Wednesday, August 20, 2014


I dreamed the other night that we were at Kyoto Station, and there was a huge crowd waiting to board a train. The kids and I were getting pizza across the street, and when we turned around again the crowd was gone. They had all boarded the last train, and we had missed it.

"Like you were stuck in Kyoto?" Jason asked when I told him about it.
"No, like all of Kyoto left me." I replied.


Back in January, Jason did this thing where he applied for a position at a university in Oxford, England. I knew he was on the look-out for job openings, but I naively assumed any possibilities would bring us closer to home, not around the world in the other direction. He applied almost as a warm-up for the slew of postings that come available in the fall of every academic year, so I put it out of my mind and forgot about it until he found out he'd been short-listed as a candidate, in early March.

A couple of months later, he had a phone interview. Because of a time-zone calculation error and further delays, the call ended up happening at 2 o'clock in the morning, in the freezing front foyer of our Kyoto machiya. The following morning he summed it up like this: "I bombed it."

I reminded him that he usually dramatically underestimates himself, and that he probably did better than he thought. He was adamant, though, and actually a little relieved to be free of the torturous post-interview wait.

We were both genuinely gobsmacked, then, when they called barely four days later to offer him the
position. I was too shocked to even muster an I-told-you-so about his middle of the night interviewing skills.

ENGLAND?! I wrote in my date-book. And then cried for two hours straight.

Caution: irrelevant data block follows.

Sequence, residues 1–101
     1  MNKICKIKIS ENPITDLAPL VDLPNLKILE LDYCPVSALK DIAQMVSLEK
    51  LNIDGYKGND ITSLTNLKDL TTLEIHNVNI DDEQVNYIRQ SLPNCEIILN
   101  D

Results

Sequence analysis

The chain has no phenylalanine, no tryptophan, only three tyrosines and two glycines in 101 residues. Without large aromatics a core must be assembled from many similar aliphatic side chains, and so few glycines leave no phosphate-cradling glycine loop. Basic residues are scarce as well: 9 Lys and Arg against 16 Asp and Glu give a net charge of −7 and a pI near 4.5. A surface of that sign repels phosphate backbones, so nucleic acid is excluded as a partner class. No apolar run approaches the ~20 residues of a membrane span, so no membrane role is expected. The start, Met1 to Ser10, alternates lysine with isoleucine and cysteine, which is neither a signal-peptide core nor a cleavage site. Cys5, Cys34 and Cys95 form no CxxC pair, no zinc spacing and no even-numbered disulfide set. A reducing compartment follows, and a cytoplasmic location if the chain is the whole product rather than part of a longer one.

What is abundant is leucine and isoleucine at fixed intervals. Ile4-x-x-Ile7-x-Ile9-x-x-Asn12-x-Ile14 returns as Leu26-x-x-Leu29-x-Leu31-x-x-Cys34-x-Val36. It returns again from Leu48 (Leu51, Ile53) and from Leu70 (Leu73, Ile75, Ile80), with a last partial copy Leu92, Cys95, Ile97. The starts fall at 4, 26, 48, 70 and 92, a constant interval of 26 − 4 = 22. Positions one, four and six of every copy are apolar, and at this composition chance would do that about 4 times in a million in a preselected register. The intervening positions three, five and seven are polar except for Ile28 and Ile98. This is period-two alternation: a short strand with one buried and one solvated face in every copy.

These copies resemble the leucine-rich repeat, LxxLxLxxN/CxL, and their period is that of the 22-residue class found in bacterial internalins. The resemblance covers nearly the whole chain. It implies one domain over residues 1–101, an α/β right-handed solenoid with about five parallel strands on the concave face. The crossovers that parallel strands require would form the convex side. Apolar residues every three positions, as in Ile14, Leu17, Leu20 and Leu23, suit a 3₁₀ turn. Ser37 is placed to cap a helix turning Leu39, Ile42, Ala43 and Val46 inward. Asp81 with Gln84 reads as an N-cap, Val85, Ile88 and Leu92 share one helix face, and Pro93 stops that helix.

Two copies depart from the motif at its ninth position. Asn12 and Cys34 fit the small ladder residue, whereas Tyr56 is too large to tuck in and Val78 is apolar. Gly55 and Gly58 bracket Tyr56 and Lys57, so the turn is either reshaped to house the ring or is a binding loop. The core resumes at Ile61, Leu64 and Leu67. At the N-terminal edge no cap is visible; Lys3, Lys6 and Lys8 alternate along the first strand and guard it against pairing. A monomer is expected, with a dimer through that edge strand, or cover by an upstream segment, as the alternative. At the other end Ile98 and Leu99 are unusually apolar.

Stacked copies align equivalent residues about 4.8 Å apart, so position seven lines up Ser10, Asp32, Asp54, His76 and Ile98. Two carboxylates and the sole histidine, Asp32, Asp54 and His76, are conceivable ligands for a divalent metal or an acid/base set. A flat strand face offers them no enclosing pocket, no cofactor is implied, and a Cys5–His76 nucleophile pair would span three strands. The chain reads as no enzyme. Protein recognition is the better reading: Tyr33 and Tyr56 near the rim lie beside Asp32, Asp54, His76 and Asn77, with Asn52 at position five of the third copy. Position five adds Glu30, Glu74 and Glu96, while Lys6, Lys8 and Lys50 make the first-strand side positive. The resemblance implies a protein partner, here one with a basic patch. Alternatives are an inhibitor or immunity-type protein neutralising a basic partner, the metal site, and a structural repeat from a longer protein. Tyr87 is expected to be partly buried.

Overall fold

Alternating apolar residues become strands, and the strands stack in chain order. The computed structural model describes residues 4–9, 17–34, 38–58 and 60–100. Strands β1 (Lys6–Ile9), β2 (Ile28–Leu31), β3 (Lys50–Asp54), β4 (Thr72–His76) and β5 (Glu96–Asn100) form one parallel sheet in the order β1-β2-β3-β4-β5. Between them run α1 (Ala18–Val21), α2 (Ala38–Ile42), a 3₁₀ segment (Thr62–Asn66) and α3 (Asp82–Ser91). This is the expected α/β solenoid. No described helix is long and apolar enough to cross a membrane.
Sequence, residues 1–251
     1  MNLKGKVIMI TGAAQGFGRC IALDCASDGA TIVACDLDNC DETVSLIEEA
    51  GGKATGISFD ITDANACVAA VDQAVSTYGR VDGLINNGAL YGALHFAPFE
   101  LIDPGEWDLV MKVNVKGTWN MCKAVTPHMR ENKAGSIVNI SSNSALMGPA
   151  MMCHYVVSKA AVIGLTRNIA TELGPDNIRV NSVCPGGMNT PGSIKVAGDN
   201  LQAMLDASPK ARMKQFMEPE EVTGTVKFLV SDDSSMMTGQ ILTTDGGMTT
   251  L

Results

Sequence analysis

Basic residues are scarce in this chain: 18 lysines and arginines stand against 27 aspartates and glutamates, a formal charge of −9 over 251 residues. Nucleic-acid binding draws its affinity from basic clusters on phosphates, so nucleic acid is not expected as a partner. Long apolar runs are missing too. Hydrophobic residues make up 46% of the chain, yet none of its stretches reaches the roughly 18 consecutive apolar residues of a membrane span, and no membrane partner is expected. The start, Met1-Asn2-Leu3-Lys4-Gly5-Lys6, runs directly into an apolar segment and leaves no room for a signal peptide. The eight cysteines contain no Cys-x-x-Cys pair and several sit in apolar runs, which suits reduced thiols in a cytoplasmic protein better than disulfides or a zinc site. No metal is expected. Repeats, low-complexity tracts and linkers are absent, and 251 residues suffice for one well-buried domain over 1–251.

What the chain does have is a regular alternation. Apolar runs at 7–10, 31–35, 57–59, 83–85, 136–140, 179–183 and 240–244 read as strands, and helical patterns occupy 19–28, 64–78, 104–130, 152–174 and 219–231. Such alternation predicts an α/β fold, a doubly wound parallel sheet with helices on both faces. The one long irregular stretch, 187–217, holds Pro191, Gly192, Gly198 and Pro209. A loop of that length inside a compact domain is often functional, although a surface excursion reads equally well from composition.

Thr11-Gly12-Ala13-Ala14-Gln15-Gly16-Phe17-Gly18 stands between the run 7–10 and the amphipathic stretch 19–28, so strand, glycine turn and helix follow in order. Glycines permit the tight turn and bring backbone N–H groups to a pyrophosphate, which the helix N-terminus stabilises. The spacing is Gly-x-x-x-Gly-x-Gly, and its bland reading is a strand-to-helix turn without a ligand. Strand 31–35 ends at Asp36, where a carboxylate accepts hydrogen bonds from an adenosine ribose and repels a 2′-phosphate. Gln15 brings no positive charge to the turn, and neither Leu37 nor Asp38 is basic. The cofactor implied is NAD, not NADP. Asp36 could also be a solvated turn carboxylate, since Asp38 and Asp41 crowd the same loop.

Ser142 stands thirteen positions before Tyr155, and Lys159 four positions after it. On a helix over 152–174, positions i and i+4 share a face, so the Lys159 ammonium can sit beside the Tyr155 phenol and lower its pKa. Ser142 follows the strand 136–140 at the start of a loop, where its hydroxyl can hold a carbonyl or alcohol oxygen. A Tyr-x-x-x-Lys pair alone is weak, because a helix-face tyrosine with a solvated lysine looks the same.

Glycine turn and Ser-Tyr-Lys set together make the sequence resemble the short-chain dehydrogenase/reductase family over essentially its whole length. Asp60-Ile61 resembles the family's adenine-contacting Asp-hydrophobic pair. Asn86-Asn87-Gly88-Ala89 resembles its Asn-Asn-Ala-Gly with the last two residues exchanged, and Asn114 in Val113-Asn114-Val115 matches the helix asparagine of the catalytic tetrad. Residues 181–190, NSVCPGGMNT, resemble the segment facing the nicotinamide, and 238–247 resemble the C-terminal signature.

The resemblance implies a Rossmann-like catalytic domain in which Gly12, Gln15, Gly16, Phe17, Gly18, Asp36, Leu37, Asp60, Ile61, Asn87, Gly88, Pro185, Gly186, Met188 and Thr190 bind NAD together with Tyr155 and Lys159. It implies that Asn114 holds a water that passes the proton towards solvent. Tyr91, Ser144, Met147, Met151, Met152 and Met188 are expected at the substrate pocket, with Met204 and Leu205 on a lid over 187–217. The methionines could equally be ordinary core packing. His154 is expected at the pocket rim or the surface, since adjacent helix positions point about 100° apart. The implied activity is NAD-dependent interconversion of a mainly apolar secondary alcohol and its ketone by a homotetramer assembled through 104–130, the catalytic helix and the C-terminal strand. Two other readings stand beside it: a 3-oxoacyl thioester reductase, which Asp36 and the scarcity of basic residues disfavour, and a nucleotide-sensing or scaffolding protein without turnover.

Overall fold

As our remaining months in Japan unspooled, I tried my best to keep an even keel. While we worked through the logistics of an international hop-scotch move, I mapped an inner topography for the emotional trade-off and energy needed for yet another beginning.

I couldn't imagine going back to Rhode Island, I couldn't imagine what life in the UK might be like, and I couldn't figure out how to enjoy the waking present moment in Kyoto. I felt unmoored and brutally homesick.

I just had to make it here, to this day, then. Things would become clearer.

"We don't have a home," Auden started telling people, "We just rent a house and then move to another country."


Jason left last night, the kids and I will join him in three weeks. Now is the limbo, the space between the things. After all the moving we've done, you would think I'd be all practiced and limber and enlightened about Living in the Now, but it is painful and graceless every time. 

No, not graceless: while we wait for our future to take shape, we are being housed and fed and entertained and shuttled about by my gracious and generous family, who ache just as we do in the bitter and the sweet of this move. And there is the lake.

But because all our moves seem to be pushing us to the ocean and to islands, I have taken to heart this line from Neko Case's "City Swans":

And it breaks my heart just like the day
I looked down and realized
I'd been sailing so long, I'd become the shore.


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